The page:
This campaign, aimed at forcing fresh elections, provoked months of clashes, leaving around people dead or missing. JeI activists were responsible for some of the worst attacks. What had started as an online community reportedly inspired by the sermons of Anwar al-Awlaki, a U. Crisis Group interviews, counter-terrorism officials, Dhaka, May-June Hide Footnote Ansar soon began identifying itself, through online posts, as the Bangladesh chapter of al-Qaeda.
Hide Footnote In an online statement, Ansar said it was targeting writers, journalists, intellectuals and artists who publicly insulted Islam, rather than unbelievers who kept their views private. In the course of the year, six more bloggers and two gay rights activists were similarly hacked to death, and four others injured, either in their homes or in public places, with all attacks claimed by Ansar.
Hide Footnote Ansar is primarily urban-based. A well-informed source said many members do not know each other except through pseudonyms. Hide Footnote Although it remains a small organisation, according to intelligence and counter-terrorism officials, Ansar has a formal structure that divides members into three groups, managed by a coordination team: dawa , which oversees logistics and recruitment; asqari , which oversees military training; and a media wing run by IT experts that collates domestic and international coverage of the group.
Hide Footnote The group also includes a sub-group, mashul , which plans and oversees all attacks, while the foot soldiers executing operations are part of a subcategory called mamur. Crisis Group interviews, security officials, Dhaka, May-June One was reportedly Junoon Shikder, another North South student, arrested in for alleged links with Ansar but released on bail a year later. He, too, fled to Malaysia, in , whence he reportedly moved to Syria, suggesting he may have shifted his allegiance from al-Qaeda to ISIS. Since late , the killings of bloggers have stopped. Many prominent online activists either have fled Bangladesh or keep a lower profile.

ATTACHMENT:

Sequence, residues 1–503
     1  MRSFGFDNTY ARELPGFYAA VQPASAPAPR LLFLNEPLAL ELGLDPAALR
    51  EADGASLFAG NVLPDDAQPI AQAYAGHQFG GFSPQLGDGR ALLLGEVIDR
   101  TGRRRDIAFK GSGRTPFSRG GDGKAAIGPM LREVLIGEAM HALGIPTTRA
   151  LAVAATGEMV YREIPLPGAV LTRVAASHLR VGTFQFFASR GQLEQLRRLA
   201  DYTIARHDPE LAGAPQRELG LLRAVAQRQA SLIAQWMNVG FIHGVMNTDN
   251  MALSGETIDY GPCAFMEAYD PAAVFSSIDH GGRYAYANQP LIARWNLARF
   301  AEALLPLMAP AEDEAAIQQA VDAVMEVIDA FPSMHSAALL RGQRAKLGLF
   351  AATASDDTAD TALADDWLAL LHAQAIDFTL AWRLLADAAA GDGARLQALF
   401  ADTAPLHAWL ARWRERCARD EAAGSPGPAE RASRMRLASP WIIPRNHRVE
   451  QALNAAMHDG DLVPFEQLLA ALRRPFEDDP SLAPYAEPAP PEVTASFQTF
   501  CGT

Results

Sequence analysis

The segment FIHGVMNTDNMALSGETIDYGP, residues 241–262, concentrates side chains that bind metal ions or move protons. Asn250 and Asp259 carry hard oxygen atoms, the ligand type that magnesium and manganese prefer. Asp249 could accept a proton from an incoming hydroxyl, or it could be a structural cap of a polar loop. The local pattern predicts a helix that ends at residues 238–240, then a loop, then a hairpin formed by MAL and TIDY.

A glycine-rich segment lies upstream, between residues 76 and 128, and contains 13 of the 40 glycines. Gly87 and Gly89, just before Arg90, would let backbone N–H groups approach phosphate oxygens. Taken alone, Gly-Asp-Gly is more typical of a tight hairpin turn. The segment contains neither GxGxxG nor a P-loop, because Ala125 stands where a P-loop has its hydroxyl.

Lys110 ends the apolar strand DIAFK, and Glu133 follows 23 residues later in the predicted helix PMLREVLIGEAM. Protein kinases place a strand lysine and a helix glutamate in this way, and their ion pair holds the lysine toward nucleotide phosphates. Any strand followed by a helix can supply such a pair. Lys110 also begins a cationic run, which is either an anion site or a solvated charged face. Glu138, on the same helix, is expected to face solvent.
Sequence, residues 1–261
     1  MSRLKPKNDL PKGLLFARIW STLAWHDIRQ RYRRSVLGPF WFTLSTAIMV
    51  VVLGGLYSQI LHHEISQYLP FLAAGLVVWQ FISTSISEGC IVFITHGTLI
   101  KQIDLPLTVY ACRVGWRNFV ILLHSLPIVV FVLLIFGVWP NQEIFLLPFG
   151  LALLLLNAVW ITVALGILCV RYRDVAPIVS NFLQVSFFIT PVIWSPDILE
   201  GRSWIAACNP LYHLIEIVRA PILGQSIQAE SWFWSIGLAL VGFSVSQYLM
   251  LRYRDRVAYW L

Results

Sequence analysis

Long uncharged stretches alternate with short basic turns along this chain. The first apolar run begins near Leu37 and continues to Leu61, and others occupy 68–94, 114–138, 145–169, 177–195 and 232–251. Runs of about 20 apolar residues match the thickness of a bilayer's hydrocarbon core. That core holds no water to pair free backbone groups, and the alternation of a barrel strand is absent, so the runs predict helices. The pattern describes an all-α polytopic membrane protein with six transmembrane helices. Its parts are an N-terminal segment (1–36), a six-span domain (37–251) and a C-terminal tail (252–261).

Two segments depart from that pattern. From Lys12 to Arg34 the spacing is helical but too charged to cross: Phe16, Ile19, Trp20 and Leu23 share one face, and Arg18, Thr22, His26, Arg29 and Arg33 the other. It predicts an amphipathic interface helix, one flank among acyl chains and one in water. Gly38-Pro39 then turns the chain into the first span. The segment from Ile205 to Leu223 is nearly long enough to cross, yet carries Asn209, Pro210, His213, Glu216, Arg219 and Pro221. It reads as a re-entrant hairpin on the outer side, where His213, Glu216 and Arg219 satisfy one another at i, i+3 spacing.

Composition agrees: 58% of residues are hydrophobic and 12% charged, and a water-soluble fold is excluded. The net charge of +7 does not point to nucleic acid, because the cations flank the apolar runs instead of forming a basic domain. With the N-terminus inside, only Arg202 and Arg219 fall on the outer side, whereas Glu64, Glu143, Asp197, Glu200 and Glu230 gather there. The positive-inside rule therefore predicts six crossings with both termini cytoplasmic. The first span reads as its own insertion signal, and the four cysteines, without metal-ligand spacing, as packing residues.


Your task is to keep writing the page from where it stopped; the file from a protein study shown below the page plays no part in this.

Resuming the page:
Hide Footnote Ansar itself appears to have faded from public attention, its appeal perhaps diminished in part because it arose in the context of the war crimes trials. With most high-profile Islamists accused of atrocities in convicted and some executed, the trials generate less immediate attention from the constituencies they initially outraged.
Hide Footnote Junoon and an unspecified number of other jihadists allegedly continue to operate Malaysia- and Singapore-based cells, which have been key to the transition of some Ansar members to ISIS, as well as to the facilitation of movement to Syria. Hide Footnote Intelligence officials claim to regularly discover communications between jihadists in Bangladesh and Malaysia- or Singapore-based Ansar cells during investigations.
There were initially clear distinctions between Ansar and JMB. Ansar members saw themselves primarily as defenders of Islam battling Western secular ideas, rather than fighting for an Islamic state. Most Ansar leaflets that investigators recovered at attack sites emphasised that the organisation was not at war with peoples of other faiths unless they slighted or undermined Islam. Hide Footnote In contrast, JMB since its founding almost two decades ago, and again in its recent resurgence, has pursued the establishment of Islamic law and perceived anyone not subscribing to its interpretation of Islam, including religious and sectarian minorities, as well as non-Muslim foreigners, as legitimate prey.